Oldest Surviving Icon of the Annunciation

The Annunciation, late 2nd century, Rome.

The Annunciation, late 2nd century, Rome.

The oldest surviving icon of the Annunciation is found in the Catacomb of Priscilla on the Via Salaria in Rome, Italy, and dates from the second half of the second century A.D. Priscilla is thought to have been a well-to-do Roman who converted to Christianity and was martyred. These Christian catacombs, along with many others found surrounding Rome, are a treasury of early Christian iconography.

One difference between this depiction of the Annunciation and later icons is that the Mother of God is shown with her head uncovered. In Rome, young virginal maidens would always have their heads uncovered, and so the imagery is in keeping with the Christian beliefs regarding Mary, the Mother of Jesus Christ. The veil worn in the East would come to dominate iconography of the Mother of God in later centuries.

Other than this difference, it is remarkable how similar this image is to the established iconography of the Annunciation: Mary seated in a high-backed chair, the Archangel Gabriel stood, robed simply, with bare feet, and arm raised to signify he is speaking:

Annunciation Icon, Ohrid, 14th Century

Annunciation Icon, Ohrid, 14th Century

Rejoice, O Full of Grace, the Lord is with You!

About the Icon of the Annunciation

History and Development of the Annunciation in Iconography (beginning with the Catacombs of Priscilla)


This entry was posted in History, Icons of the Incarnation, The Theotokos and tagged , , . Bookmark the permalink.

10 Responses to Oldest Surviving Icon of the Annunciation

  1. I am a new blogger, a new convert, and a history major at University, so when I came across this I was amazed to see the unveiled depiction of the Theotokos in the Classical style (given that this was of course subterranean Rome!) It just goes to show how depictions of the Virgin vary according to predominating local cultural and artistic influences, yet the Church’s message of the Annunciation and her celebration of its joyful promise remain constant!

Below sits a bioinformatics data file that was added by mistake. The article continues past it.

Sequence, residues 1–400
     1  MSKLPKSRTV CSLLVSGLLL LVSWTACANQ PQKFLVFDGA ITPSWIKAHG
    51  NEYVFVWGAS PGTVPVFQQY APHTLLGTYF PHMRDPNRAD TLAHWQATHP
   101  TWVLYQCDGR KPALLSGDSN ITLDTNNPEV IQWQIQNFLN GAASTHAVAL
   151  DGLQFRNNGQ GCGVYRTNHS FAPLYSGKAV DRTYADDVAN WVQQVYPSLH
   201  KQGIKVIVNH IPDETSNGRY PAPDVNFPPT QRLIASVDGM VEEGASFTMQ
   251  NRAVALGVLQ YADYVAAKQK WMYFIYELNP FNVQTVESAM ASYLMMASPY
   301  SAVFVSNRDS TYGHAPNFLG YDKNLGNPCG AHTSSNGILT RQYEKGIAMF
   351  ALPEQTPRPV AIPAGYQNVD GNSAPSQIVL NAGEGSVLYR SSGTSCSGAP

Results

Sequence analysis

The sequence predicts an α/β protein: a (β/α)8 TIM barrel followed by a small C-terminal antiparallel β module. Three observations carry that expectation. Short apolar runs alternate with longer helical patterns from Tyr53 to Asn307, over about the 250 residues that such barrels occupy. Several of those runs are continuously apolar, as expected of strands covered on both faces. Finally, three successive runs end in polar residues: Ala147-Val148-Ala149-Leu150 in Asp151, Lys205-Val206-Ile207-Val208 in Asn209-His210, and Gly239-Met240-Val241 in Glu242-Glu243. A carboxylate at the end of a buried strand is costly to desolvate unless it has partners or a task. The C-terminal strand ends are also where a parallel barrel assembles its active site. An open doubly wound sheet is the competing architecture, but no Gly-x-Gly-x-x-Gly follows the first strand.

Thank you for sharing! I am studying on exchange this semester in Scotland and hope to visit Rome on spring break in a month! I have been before, but would love to see this catacomb!

  2. Mimi says:

    What an amazing icon, thank you. May I pin it on Pinterest?
    Thank you!

  3. Pingback: RANDOM ACTS | dan4kent

  4. Pingback: Feast of the Annunciation, April 7 (March 25, old calendar) — 1389 Blog - Counterjihad!

  5. Shanii Rai says:

    Who painted the Annunciation icon from Ohrid?

  6. Pingback: Oldest surviving image of the Annunciation | Why Mary Matters

  7. Pingback: What does this hand gesture mean in Icons? | A Reader's Guide to Orthodox Icons

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